Wings of desire

A female Spitfire pilot? What will the old boys say? COLE MORETON meets up with a magnificent woman in her flying machine
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Indy Lifestyle Online
The Spitfire is every macho desire made real - a beautiful, powerful machine that flies very quickly and kills your enemy. Every time Carolyn Grace climbs into her flying suit, she is living out the fantasies of a whole generation of war baby boys who grew up idolising the aces who fought against the Luftwaffe in the skies over Britain.

Modern lads are more likely to fantasise about Lara Croft, but their fathers continue to be fascinated by the Second World War. Hundreds of thousands of people will attend "warbird" meetings featuring vintage aircraft this summer, and they will almost all be men - standing by the runway with telephoto lenses, rummaging through stalls full of war memorabilia or striding around in the pilots' enclosure.

No wonder Carolyn Grace turns heads in this testosterone-drenched world. The 47-year-old is petite, slender and attractive - and she is the first woman in the world to own and fly a Spitfire.

She loops the loop and defies the ground in a magnificently restored aircraft worth at least pounds 800,000. ML407 shot down German aircraft during the Normandy landings, recreated so vividly in Saving Private Ryan. She flies it in tribute to her husband, Nick Grace, who died in a car crash soon after he finished renovating it.

Few pilots thought she could or should learn to pilot the Spitfire, but that didn't stop her. "I had a lot of pressure not to go solo, and then not to fly the aircraft in displays, because I had two children and I was widowed. It was irresponsible," she says. "There were no other women flying displays. Men said, 'You don't care about your children, how could you do that?' It was pretty hurtful."

One very experienced pilot she won't name had a quiet word. "He put his hand on my knee and said 'You don't really want to do all this airshow stuff. It would be too much pressure. You're lovely looking, you're much better off to just leave it alone'." She growls at the memory, then laughs. "I agree with them, because it's easiest. Then I get in the plane and piss off! Ha!"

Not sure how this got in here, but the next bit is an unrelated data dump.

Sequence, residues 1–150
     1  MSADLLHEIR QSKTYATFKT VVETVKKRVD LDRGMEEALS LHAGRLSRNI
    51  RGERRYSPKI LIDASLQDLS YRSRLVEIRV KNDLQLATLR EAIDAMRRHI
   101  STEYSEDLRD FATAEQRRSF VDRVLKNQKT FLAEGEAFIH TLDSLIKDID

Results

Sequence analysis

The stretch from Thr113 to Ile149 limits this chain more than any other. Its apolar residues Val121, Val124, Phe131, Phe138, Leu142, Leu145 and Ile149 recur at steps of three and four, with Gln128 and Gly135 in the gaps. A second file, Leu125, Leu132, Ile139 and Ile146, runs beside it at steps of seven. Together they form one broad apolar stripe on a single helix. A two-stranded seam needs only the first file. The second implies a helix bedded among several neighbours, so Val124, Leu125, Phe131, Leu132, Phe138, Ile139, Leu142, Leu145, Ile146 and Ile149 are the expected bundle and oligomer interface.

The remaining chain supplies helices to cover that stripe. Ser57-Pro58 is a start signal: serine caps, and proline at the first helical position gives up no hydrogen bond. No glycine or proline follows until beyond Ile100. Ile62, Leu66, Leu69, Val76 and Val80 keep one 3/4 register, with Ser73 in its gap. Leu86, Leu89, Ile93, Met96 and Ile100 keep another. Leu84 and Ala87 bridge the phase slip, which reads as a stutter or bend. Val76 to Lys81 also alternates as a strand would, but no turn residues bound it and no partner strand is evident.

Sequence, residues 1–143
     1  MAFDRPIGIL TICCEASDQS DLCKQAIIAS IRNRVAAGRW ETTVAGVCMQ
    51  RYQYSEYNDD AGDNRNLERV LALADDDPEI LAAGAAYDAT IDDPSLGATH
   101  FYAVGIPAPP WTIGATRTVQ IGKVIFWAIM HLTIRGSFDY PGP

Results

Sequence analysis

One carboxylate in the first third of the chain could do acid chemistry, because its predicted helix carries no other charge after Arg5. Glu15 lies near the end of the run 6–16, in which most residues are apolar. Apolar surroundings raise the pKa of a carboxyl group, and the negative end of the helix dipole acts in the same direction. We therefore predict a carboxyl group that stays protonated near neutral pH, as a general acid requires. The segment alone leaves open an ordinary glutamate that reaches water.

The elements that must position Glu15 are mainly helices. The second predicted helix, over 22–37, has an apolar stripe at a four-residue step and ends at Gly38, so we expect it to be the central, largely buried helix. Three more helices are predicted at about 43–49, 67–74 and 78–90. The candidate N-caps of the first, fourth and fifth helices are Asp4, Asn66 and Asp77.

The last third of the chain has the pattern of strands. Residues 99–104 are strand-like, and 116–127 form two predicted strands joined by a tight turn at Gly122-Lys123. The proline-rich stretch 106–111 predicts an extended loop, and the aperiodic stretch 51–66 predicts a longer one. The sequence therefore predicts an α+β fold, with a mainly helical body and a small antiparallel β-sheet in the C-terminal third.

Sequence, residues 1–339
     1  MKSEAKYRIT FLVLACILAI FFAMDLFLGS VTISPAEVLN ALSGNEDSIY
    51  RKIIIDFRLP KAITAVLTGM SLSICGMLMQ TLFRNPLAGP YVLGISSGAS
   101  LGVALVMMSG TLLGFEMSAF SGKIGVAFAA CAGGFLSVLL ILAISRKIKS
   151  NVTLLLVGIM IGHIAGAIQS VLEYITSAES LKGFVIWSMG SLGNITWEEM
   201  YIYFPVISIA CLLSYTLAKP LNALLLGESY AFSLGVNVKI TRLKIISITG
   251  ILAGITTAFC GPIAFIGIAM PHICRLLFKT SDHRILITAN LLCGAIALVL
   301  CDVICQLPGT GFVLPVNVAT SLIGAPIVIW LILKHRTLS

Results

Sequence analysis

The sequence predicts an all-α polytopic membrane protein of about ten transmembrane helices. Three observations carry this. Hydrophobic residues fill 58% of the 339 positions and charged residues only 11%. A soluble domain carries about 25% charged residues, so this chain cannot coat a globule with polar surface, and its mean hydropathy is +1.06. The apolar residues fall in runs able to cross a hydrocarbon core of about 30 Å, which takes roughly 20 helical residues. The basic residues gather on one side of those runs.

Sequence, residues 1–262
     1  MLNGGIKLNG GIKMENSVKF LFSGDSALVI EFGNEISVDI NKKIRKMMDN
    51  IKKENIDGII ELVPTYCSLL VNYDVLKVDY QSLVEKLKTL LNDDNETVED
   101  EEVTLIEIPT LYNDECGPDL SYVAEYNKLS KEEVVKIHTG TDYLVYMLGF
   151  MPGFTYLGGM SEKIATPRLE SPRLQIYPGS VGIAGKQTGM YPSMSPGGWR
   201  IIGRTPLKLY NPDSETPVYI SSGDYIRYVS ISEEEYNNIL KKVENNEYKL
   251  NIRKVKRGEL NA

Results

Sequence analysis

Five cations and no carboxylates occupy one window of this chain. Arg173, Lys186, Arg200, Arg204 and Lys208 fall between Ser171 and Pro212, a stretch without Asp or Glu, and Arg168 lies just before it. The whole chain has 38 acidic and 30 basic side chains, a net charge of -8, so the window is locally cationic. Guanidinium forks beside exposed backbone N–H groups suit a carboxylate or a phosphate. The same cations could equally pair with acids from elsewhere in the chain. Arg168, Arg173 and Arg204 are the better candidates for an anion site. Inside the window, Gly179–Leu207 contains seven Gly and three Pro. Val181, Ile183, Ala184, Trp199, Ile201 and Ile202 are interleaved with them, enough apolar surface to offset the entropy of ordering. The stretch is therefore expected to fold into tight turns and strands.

Carolyn Grace was brought up on a 5,000-acre property in New South Wales. "We had a plane to go shopping in Sydney." She first met Nick Grace when he flew a crop-sprayer at a neighbouring farm, but they were married and living in Cornwall by 1979 when he spotted an advertisement offering two old Spitfires for sale from a museum in Scotland.

Taking time off from his job as a design engineer, Nick set about rebuilding one of the aircraft from scratch with Carolyn's help. She talks about her late husband with admiration bordering on awe. They did everything together, and both flew, although Nick was 16 years older and a far more experienced pilot.

Carolyn was in the back seat in 1985 when Nick flew his renovated Spitfire for the first time - "a magical day". For three years he took part in air displays around the country, while Carolyn followed in a camper van with their children. Richard was four and Olivia five when their father was killed in a car crash in West Sussex, in October 1988.

"It wasn't his fault," she says automatically. "He was a fast driver, but a very good one."

Money was tight. She had two children and 700 goats to feed; the obvious answer was to sell the Spitfire, now a valuable collector's item. She refused. "It epitomised Nick's ability to start something that everybody said was hopeless, then to finish it. To just turn that into problem-solving bits of paper was not a good idea. It was selling the spirit of Nick. This way the children can see what their father did, constantly."